Sunday, 24 Nov ’13 , 10:25pm
It’s time to move on. The feeling is becoming more and more significant with each passing day and it just keeps spreading.
It’s just not it any more… we want something new, exciting, which can take us places we’ve never been. We want to be surprised again. We want a new, better social network.
Facebook may say its user base is growing, but original members from the last decade appear to be leaving in droves. As more niche networking services and platforms enter the space, people are finding that not any one company is serving all of their networking needs. Our tastes and channels are becoming fragmented, and users are pushing back on accepted norms in the social media space.
This is inevitable. It’s a natural life cycle for any product; unless it somehow becomes a living organism with its own reproductive system and evolution, one will eventually wither and die. Facebook cannot evade this process – it regenerates with nuances, but is not reinventing itself.
Facebook today doesn’t resemble a thriving, living metropolis – it’s more of a friendly neighborhood bar. For that reason, FB will face its cruel destiny of simply fading away. Living in the same city as your parents is forgiven and acceptable; there is enough diversity and distance between everyone. But finding yourself sitting in the same bar as your mom and dad – that’s horrifying. When your father posts pictures of sunsets and breakfast on his wall you know it’s over.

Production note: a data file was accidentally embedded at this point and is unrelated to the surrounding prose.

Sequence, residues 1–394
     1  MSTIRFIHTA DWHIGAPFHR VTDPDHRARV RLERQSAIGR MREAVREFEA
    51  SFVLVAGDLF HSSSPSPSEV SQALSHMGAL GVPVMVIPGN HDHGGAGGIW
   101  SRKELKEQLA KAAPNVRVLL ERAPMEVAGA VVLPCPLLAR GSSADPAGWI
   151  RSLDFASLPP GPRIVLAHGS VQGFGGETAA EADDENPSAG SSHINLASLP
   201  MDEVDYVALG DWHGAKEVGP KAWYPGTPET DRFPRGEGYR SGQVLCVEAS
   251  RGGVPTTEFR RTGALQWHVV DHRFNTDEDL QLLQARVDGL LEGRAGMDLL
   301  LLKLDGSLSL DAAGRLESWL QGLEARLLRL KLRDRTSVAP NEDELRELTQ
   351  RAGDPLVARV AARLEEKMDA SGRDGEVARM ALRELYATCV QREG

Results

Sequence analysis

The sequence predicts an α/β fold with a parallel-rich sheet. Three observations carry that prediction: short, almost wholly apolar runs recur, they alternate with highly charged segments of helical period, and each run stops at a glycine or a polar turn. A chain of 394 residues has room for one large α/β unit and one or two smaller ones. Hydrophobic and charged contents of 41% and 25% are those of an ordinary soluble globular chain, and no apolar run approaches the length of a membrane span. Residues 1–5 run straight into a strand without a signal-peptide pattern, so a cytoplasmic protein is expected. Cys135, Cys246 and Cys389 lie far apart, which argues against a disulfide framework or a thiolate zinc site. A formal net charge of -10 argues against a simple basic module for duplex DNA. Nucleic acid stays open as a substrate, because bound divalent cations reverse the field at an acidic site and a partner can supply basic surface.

The conclusion is undeniable; a new social network is needed. These are the things that will make it awesome and sustainable:
Phi Beta Iota: We completely agree. What the author does not address is the fact that only Open Source Everything (OSE) is infinitely affordable, inter-operable, and scalable. Also missing from all digital services and most particularly Microsoft and Google who ought to know better, is a structure for substance — for connecting dots to dots, dots to people, and people to people, in near real time. If Amazon, Avaaz, CrisisMapping, and WISER do not come together soon, then we anticipate a totally new start. The independent Internet being built by the BRICS will probably repeat the mistakes of the West, but perhaps not.